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In some circles, fertility treatment is perceived as waste of money. However, this argument, which is usually based on the belief that the business bearing children is a fundamental human right, will not stand the test of time.
Fertility treatment should be available on public-oriented health insurance schemes just like in the advanced countries. The kind of scheme would be one that is not only more equitable, but more widely applicable.
The underlying principle of health insurance is that people should not have to pay in order to enjoy good health. The argument then shifts to whether infertility is
an illness or merely an obstacle to a lifestyle choice.
Although the initial emphasis of health insurance was aimed at taking care of the more serious life-threatening conditions, the service has long since moved beyond the so-called narrow a definition of health.
Admittedly, the original idea should retain the higher priority as we cannot overlook the recognition that good health is much more than the mere avoidance of illness.
Much preventive medicine, these days, is a matter of encouraging people to follow certain lifestyles rather than others.
For instance, mental health may have a lower priority in the health insurance scheme than it deserves because of the often unspoken prejudice that mental illnesses are “all in the mind”, but no one would now argue that psychiatry should be available only to those who can afford it privately.
It is difficult to draw an easily demarcated line between making people healthier and making them happier. For most purposes, a healthy individual should be a happy individual. So why should something like assisted conception initiatives not be approved on the health insurance scheme if the misery occasioned by it on an individual is great enough?
It is understandable how the problem of defining wellbeing, and therefore the legitimate objectives of the health scheme, could tempt policy-makers to restrict the health insurance scheme to dealing with killer diseases and accidents and emergencies, while looking to private insurance for the so-called lifestyle treatments, of which fertility would always be described as one.
For many couples facing infertility; time is already not on their side. This coupled with the extended and prolonged waiting period for fertility treatments has left many couples frustrated and searching for answers. In that amount of time you might as well try your luck the old fashion way.
Even then, unlike in the UK for instance where the Human Embryo Fertilisation Authority is the main body which oversees and regulates fertility clinics and also provides information on licensed clinics, in this country, there are no government funded initiatives for infertility treatment, only private fertility clinics are available to provide the required service, and they can be pricey.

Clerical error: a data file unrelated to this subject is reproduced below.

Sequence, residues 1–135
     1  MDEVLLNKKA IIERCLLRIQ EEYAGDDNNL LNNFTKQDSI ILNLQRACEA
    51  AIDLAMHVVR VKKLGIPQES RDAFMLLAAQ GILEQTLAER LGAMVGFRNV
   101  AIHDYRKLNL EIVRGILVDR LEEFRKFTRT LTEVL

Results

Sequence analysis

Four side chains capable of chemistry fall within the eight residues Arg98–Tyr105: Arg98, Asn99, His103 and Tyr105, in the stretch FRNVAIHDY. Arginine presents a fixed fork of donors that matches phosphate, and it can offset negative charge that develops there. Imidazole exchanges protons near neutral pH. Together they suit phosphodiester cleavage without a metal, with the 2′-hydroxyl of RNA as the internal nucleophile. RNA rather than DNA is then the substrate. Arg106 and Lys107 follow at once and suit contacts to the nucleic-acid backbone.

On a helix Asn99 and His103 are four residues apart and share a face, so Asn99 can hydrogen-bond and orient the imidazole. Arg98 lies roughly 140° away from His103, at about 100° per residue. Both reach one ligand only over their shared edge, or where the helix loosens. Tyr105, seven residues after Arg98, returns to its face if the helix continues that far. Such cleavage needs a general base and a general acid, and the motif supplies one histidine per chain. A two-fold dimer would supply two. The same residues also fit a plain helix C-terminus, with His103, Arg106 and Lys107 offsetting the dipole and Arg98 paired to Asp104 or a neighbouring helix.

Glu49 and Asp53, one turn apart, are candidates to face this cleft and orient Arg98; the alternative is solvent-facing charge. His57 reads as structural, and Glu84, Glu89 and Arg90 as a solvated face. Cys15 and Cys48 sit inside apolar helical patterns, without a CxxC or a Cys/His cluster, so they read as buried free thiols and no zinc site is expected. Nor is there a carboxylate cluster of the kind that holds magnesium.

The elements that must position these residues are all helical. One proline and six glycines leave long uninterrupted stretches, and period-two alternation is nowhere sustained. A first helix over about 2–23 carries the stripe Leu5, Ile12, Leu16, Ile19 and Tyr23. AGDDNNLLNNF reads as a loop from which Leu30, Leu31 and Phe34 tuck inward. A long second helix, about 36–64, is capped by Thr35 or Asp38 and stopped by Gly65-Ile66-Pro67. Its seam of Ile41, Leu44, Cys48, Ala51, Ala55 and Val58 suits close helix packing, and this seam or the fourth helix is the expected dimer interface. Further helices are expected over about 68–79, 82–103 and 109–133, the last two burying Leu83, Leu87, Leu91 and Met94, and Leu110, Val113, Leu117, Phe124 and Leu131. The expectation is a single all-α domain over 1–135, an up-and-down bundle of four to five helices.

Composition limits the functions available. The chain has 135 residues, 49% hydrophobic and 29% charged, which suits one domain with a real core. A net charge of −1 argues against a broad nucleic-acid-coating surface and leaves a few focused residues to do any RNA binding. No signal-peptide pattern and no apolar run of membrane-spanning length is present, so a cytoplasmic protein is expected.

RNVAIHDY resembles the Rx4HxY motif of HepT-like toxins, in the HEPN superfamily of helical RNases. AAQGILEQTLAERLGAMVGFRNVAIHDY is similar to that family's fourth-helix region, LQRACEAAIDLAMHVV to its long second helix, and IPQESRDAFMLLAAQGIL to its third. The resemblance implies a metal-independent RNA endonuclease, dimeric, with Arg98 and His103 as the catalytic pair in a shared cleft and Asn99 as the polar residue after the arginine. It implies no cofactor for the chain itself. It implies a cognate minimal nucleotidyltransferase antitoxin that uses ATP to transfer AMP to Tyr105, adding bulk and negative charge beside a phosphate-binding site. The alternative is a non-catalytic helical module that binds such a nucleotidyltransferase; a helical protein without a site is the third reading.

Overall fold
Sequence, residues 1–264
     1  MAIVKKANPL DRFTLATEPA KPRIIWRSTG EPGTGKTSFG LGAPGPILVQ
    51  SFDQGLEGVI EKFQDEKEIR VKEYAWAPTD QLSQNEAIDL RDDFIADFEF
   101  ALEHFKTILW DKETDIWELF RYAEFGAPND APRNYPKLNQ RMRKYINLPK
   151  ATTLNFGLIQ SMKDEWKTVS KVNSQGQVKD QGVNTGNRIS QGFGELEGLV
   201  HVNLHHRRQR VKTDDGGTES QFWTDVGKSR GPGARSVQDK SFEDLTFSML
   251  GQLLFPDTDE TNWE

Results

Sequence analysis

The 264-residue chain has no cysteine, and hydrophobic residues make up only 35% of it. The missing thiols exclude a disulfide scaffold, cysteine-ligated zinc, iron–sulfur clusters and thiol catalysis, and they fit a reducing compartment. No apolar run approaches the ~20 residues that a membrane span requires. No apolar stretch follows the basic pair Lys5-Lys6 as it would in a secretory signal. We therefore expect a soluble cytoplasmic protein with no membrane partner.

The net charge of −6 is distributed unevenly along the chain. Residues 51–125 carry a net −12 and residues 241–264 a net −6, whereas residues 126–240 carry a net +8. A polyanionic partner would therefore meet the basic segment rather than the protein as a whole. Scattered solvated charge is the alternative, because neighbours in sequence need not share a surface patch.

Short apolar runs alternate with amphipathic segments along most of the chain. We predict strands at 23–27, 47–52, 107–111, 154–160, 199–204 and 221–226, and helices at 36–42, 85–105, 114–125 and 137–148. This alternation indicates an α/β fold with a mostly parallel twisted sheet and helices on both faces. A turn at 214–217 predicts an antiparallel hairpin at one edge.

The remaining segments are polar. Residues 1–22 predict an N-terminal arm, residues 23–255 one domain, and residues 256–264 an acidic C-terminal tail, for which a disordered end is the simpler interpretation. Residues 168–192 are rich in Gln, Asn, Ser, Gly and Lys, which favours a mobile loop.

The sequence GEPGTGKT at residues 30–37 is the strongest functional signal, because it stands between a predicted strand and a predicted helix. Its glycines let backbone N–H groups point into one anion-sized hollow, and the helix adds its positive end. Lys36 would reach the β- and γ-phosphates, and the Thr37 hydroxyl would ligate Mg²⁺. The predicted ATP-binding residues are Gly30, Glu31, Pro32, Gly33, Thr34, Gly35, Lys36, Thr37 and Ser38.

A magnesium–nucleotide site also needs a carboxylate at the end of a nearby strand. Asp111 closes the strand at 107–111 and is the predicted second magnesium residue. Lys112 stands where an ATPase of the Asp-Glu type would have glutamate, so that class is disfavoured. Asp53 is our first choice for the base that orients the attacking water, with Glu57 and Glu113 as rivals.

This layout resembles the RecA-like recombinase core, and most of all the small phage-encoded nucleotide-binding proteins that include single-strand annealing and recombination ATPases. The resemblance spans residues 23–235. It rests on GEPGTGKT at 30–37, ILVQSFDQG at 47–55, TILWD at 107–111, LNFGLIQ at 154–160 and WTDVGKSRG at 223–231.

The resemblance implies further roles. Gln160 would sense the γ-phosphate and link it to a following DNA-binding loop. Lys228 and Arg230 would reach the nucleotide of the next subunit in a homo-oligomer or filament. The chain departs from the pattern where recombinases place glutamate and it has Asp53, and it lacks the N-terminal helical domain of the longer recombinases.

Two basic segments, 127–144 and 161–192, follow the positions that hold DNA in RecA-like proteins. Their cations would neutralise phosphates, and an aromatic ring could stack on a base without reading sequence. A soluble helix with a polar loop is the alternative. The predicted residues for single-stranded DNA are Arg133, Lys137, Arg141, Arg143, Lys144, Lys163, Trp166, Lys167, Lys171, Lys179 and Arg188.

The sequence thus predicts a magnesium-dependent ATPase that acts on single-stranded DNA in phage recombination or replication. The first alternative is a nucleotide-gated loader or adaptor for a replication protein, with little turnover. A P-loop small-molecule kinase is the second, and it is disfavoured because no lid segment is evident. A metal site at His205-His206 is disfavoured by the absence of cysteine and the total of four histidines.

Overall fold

Assisted fertility treatment does not come cheap, but even this should not deny anyone its benefits. In practice, private clinics can provide more options and less waiting before treatment is initiated. Often a consultation appointment can be scheduled within the week and treatment initiated soon there after.
The usual advice is that when deciding to go private, it is a good idea to get a cost analysis from numerous fertility clinics. It is also important to ask if the cost of drugs is included in the price. If some prices seem much lower than others, it may be due to this discrepancy.
The bottom line is that waiting for fertility treatment is one of the biggest problems facing the health care system. For many couples especially that with limited funding in underserved areas, deciding on fertility treatment is extremely difficult. Although fertility tourism offers a cheaper alternative, the quality of care may be compromised. Weighing the cost of care against the time to hold your precious baby, is an unfortunate reality in this world.
With this in mind, it cannot be right to say that only the rich are entitled to fertility treatment or that if you cannot have the treatment that is right for you because you are unable to pay for it.
Infertility may not be life-threatening, but it is a malfunction that can be rectified. It is wrong to exclude people from the means to fulfillment on the basis of physical difference.
This is not to argue that IVF treatment should be available on demand.
Rather, we could say argument should be that, much more needs to be done in spreading the best practice of cheaper treatments that ought to be tried before procedures like IVF or ICSI.
Of course, there will always be pressure on resources earmarked for health in this country, and there will always be the complex and infinitely contestable ranking of priorities in health treatments. But this can not be enough argument for abandoning a huge area of health care like infertility treatment to the private sector alone to handle.